21. The second claimant was a company wholly owned by Mr Bailey. Its claim had arisen because Mr Bailey assigned his loan and swap to it in 2011. As a result of the 2009 recession, the company was paying a higher than market rate of interest to Barclays but could not end the swap prematurely without paying very substantial break fees.
22. The company argued:
a. Barclays had breached the COBS rules and the company was entitled to bring a claim against Barclays for breach of these for one or all of the following reasons:
i. Pursuant to s150 FSMA;
ii. Because the COBS rules had been incorporated into the contract by the contractual clause which stated “this agreement and all transaction are subject to applicable regulations.” And/or
iii. Because the COBS rules are relevant for assessing the standard of reasonable care and skill owed by Barclays pursuant to s13 SGSA 1982.
b. Barclays’ conduct involved economic duress, unconscionable conduct and misrepresentation, and as such the company was entitled to rescission, damages and/or equitable compensation.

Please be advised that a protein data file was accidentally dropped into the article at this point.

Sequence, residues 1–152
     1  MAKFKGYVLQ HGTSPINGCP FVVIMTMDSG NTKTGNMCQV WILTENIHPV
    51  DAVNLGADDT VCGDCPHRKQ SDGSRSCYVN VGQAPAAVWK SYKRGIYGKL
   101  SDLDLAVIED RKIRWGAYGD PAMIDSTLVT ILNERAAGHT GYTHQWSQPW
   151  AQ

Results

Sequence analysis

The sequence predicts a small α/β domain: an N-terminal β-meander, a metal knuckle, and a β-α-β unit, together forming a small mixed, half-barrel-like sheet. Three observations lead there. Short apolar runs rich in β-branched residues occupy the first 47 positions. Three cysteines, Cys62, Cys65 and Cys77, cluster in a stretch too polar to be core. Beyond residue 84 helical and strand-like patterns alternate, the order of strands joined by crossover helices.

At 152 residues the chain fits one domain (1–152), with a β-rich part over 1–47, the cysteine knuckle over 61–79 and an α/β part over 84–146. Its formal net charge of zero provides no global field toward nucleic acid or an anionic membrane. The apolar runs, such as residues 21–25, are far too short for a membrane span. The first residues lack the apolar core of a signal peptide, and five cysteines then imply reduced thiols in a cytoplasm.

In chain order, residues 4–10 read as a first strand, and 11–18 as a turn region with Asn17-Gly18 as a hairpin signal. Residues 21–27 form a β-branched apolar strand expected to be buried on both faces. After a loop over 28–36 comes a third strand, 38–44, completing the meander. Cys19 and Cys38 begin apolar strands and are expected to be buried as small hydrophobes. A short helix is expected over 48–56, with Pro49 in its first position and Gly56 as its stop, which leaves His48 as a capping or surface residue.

c. The purpose of the swap was to hedge the company’s liabilities, but the fixed interest rate was at all times much higher than the BoE base rate. The purpose of the swap had therefore been defeated and Barclays had been unjustly enriched by the receipt of payments.
d. Barclays owed a fiduciary duty to the company to act in its best interests which it breached.
e. The contract ought to be declared unenforceable pursuant to section 27 FSMA 2000.
23. The judge examined each of the propositions above in detail before dismissing the case in full. The following aspects of his judgment are of particular note:
a. The company’s case pursuant to s150 FSMA was premised upon Triton being wrongly decided. The judge considered Triton before concluding that he agreed with David Steel J’s reasoning, and regarded the principles established in that case as now being “authoritative” following its subsequent applications (paragraph 44).
b. The previous cases in which the COBS rules had been incorporated into the terms of a contract did not establish any principles of law, but were instead conclusions arrived at having analysed the construction of the contracts in question. The judge also noted that Law Commission has observed that most courts have rejected such an argument (paragraph 55).
c. The reference to s13 SGSA was not dealt with in detail (pargraphs 56-57). The judge had decided earlier that the COBS rules had not been breached (paragraph 36), and so stated simply that the argument could not be sustained on the facts.
d. The economic duress argument required a threat being made to the company. This was wholly unsustainable on the facts, as the company had merely received an assignment of the swap from Mr Bailey.